Decoding Shakespeare drama through fateby Neil Banerjee May 5 2021, 12:02 am Estimated Reading Time: 4 mins, 29 secs
Neil Banerjee retrospects on the literature of Shakespeare on his 405th Death Anniversary and explores the relevance of the Bards characters and situations to the times today.
“Fair is foul, and foul is fair” in a world with a constantly deflecting moral compass; these lines from Macbeth sound prophetic and a precursor to a ruthless world that awaited humankind in the early seventeenth century. From the many stories of brotherhood and togetherness in these trying times the selfish stories of the current ruling dispensation and the ruthless posturing of its two leaders in the sinister greed for power just make the times look more dystopian. Little did the bard know that these lines written by him in a historical drama would find meaning numerous times in the future that followed, filled with rampant colonisation, world wars, climate change, medical warfare, and a constant battle over racial, religious and territorial supremacy.
The charm of Shakespeare’s works lies in their timelessness; the more they age, the more relevance and meaning they find. As the Bard said in Othello, “Good wine is a good familiar creature,” his plays too have aged to be tastier like wine. But they never intoxicate, instead, they break the illusions reality conjures up for you. They never show you the mirror, instead much like Caesar’s ambition and Brutus’s honor they follow you like your shadow until you switch the lights off and face your dark demons.
On the 405th anniversary of Shakespeare’s death, let us understand how the Bard has transcended all cultural barriers to enjoy a Dionysus-like-reverence from artists all over the world. Not just a transcultural figure, the genius of Shakespeare also lies in his form-agnostic appeal, making him the favourite subject of adaptations for poetry, drama, novels, movies, and countless allusions for storytellers. Whether in Bernardo Bertolucci’s fascist protagonist Clerici’s act of stabbing the Communist Professor Luca Quadri from behind in The Conformist or the envy in Ajay Devgn’s eyes in Omkara, the spellbinding effect they have on viewers makes them start rooting for William Shakespeare more than four centuries after his death.
Turns out that the element of drama in Shakespeare’s life played out in such a manner that ironically in the realm of conjecture, one often hears that he died on the day of his birth, which is April 23, three days before the recorded date of his baptism. Who knows, unlike in Macbeth “the instruments of darkness” might not “tell us truths“; all we know is that the face behind the characters that with unmatched heroism succumbed to shocking consequences of the mortals is sure to generate such stories around his persona and claim royalty for their stylistic inspiration.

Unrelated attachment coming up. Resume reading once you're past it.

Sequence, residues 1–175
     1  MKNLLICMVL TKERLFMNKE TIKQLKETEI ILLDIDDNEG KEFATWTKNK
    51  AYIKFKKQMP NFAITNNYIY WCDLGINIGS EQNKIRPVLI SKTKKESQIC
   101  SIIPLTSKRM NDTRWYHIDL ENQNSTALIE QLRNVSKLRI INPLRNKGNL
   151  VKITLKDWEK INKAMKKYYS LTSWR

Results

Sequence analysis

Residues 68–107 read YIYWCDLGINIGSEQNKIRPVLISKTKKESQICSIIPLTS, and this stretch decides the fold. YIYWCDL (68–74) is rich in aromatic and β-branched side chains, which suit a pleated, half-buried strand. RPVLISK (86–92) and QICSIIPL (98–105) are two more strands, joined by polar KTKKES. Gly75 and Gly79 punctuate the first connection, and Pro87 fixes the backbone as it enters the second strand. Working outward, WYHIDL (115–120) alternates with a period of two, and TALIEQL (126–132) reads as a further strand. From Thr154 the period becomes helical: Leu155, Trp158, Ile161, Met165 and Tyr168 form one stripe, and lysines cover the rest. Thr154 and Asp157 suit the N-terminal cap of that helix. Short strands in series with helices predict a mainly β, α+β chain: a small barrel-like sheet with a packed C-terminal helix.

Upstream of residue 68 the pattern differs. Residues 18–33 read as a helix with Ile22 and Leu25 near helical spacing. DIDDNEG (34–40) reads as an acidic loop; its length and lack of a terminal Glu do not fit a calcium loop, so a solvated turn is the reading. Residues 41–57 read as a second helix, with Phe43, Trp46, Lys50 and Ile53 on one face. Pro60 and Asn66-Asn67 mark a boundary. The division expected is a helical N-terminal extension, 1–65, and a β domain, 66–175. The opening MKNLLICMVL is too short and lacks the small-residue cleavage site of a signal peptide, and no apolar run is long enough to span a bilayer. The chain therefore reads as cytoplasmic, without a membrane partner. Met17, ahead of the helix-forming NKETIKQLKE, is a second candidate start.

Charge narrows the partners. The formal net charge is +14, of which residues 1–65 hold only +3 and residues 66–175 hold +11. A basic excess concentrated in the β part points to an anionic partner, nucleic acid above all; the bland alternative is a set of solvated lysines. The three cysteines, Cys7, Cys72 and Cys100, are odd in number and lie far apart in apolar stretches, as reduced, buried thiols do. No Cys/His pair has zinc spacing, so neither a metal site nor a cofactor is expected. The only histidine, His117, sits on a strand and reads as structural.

The beauty of storytelling is that the greater the tale becomes from its teller, the more immortalized the teller gets in popular memory. A phenomenon like Shakespeare is remembered not by how many times his plays are performed but by the number of storytellers from different backgrounds who find their voice in telling his stories. Shakespearean adaptations, therefore, are born organically out of local contexts and not by putting one’s craft to identify them in structured moments of epiphany (which are too superficial to be Shakesperean).
How does a love story suffering for the enmity between the Mathurs and the Chaturvedis draw a parallel to the hate between the Montagues and the Capulets; what in a Black South African avenging his father’s death during Apartheid takes you back to Hamlet; when do we start finding traits of resemblance between Richard III and the dictators of the world; where do we find dancing forests tracing from the ruthless ambition of Lady Macbeth are questions that we discover with the more temporal distance that we cover from Shakespeare’s death.
The might of Shakespeare lies in the expanse of human emotions and the types of people he captures through his characters. It is interesting how even Sir Toby in Twelfth Night can be extrapolated into making a new play. This just heightens how much exuberance of life Shakespeare’s plays have.
Where on the one hand his contemporary Christopher Marlowe would investigate themes like ambition and heresy in The Tragical History of the Life and Death of Doctor Faustus, the rawness in Macbeth’s murder of Duncan would touch many more hearts than the temptations of Mephistopheles ever will. Shakespeare’s works are no less cerebral, however, his magic allures the heart first and then makes the mind think.
While the literary canon preserves works of great playwrights in popular memory, Shakespeare’s appeal is not dependent on the canon. Shakespeare defies rigid distinctions of class, taste, and local idiosyncrasies. These trying times with the COVID-19 pandemic have unfolded in no less dramatic a manner than the Shakespearean universe. One can only be hopeful that just like the cyclical nature of life as put forth by him in “The Seven Ages Of Man” we shall pass this too and say with a sigh of relief, “all’s well that ends well.”